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American Federal Mortgage

DEBT LIMIT - A GUIDE TO AMERICAN FEDERAL DEBT MADE EASY.

A satirical short film taking a look at the national debt and how it applies to just one family. Watch the guy from the Ferris Bueller Superbowl ...

GOP tax plan would shrink mortgage interest benefit, slash corporate tax rate

House Republicans on Thursday proposed the biggest overhaul of the U.S. tax code in three decades, a plan that would sharply cut tax rates for corporations and individuals while eliminating many popular deductions that Americans have long enjoyed.

At its core, the legislation would deliver the kind of tax relief to companies — $1 trillion over 10 years — that Republicans say will spark economic growth and encourage businesses to create more jobs and invest heavily in the United States.

Far less clear is the bill’s impact on middle- and working-class households. The trade-off between reducing tax rates but curtailing deductions — such as the amount that homeowners can write off for their mortgage interest payments — means the impact will vary widely from one family to another.

Many Americans who need to take out big loans to buy homes in expensive areas such as New York, Boston and San Francisco could see their taxes go up. The Washington region would be a prime example of the trade-offs. High salaries here at lower tax rates would deliver savings off Internal Revenue Service bills. But high home prices mean home buyers take out big loans. The D.C. region is home to six of the 10 counties where residents take the highest average mortgage deduction.

Mortgage deduction helps housing lobby, but not homeowners ...

The battle lines are drawn between those seeking to protect the mortgage interest deduction (MID) and a legislative effort to greatly reduce the use of the MID. Hopefully, this is a battle that taxpayers will win over the housing lobby — the loudest supporter of keeping the deduction intact.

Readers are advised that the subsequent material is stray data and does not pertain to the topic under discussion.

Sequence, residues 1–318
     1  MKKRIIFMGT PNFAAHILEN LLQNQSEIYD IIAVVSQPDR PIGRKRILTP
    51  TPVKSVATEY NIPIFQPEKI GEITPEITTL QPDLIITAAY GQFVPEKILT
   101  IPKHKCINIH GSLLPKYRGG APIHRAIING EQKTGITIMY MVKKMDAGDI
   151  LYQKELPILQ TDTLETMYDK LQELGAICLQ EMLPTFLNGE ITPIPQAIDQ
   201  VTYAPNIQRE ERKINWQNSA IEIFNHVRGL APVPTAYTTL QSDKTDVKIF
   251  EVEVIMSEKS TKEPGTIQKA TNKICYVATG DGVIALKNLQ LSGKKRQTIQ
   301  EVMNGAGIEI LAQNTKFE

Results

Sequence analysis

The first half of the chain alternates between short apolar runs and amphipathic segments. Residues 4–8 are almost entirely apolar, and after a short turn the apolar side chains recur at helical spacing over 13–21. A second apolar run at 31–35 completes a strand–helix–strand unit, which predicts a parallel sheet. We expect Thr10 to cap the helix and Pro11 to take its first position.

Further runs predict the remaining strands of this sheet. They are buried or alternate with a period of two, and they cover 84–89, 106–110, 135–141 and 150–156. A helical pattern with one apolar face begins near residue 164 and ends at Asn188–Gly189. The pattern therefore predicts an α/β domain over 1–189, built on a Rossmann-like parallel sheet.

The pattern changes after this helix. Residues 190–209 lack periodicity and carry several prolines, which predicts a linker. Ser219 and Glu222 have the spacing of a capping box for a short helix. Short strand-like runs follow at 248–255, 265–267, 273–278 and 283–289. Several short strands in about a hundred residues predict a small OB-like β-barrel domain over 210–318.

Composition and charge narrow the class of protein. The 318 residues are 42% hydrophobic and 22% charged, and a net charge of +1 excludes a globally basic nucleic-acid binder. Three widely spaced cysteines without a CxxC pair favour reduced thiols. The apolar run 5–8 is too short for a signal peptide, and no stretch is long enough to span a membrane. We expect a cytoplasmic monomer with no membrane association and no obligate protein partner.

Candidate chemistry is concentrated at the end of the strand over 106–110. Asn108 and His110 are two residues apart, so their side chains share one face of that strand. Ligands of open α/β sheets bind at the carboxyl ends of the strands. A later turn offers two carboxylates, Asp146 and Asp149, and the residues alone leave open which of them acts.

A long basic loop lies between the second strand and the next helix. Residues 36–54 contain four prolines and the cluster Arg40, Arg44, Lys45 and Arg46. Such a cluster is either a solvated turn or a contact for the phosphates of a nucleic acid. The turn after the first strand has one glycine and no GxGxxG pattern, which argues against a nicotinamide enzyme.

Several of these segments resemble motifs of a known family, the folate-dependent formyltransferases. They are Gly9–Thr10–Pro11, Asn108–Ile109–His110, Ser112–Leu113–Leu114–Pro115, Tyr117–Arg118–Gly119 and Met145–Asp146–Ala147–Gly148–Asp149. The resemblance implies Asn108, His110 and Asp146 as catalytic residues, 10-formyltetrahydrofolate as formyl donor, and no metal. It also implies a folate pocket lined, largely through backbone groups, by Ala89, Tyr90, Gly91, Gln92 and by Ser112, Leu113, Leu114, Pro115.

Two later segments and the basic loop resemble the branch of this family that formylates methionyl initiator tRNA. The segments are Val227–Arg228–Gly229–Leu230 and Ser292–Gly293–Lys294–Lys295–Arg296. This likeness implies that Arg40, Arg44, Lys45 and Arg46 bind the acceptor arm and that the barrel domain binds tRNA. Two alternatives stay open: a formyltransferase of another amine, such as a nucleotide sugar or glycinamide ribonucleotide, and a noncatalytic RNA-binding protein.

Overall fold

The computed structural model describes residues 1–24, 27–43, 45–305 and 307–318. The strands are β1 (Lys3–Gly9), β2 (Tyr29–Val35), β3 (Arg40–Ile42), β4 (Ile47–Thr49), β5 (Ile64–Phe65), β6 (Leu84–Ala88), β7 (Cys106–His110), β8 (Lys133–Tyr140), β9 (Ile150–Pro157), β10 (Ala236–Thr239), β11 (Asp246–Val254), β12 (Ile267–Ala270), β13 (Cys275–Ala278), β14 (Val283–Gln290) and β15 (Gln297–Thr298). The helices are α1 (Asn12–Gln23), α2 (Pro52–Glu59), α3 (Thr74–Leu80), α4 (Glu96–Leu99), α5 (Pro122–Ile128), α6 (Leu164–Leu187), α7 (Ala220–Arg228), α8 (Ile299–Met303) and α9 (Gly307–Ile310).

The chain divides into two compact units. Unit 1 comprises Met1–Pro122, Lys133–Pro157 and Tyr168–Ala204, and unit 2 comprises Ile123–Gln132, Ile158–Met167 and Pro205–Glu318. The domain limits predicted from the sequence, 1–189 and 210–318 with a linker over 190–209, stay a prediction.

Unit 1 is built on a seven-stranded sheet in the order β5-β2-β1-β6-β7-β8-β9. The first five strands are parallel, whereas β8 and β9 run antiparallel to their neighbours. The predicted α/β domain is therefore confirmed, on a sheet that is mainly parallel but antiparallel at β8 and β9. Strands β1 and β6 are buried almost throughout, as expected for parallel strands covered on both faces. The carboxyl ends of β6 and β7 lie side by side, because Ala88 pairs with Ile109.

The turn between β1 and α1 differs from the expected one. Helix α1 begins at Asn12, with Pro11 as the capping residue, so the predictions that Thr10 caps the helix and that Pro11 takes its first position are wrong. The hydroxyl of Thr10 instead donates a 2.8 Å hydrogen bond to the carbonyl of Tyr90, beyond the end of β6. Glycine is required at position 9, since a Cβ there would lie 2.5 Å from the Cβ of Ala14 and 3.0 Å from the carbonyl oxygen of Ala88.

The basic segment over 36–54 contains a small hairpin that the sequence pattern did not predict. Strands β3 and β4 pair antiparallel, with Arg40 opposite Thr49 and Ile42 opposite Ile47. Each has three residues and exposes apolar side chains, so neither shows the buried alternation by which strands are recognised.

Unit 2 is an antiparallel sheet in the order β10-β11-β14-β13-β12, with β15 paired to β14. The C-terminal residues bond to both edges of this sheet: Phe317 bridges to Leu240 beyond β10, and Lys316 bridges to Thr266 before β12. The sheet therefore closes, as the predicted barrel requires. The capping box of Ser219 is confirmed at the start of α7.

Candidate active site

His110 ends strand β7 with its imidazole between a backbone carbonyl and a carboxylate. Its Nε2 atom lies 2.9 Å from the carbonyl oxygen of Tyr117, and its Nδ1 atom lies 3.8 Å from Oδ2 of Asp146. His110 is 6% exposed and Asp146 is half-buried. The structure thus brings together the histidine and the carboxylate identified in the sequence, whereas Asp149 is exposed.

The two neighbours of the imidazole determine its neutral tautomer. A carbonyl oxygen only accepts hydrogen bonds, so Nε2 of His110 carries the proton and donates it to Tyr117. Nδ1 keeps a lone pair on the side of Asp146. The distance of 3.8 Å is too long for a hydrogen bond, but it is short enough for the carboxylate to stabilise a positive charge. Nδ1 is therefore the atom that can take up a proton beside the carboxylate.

The housing lobby’s effectiveness is measured by its success at garnering subsidies. But the proposed House bill, the Tax Cuts and Jobs Act , would be a shot across the industry’s bow. The stage is now set for a crucial debate between two competing visions: the House plan — which would disincentivize the MID by raising the standard deduction and capping loans qualifying for the MID at $500,000 — and Senate tax reform legislation that effectively would leave the deduction intact.

From the perspective of taxpayer cost and federal budgeting, it’s no contest which plan is better. Since 1994, the cost of the MID, the separate real estate tax deduction (also downsized in the House plan), and other single-family tax subsidies has totaled over $2.5 trillion and in fiscal year 2017 were estimated to cost $141 billion. This does not include the many hundreds of billions in subsidies over the same period provided to or by Fannie Mae, Freddie Mac, the Federal Housing Administration, Ginnie Mae and others, and the $6.7 trillion in taxpayer mortgage debt guaranteed by these same agencies.

American Federal Mortgage Corporation?

Does anyone have any experience with the American Federal Mortgage Corporation?


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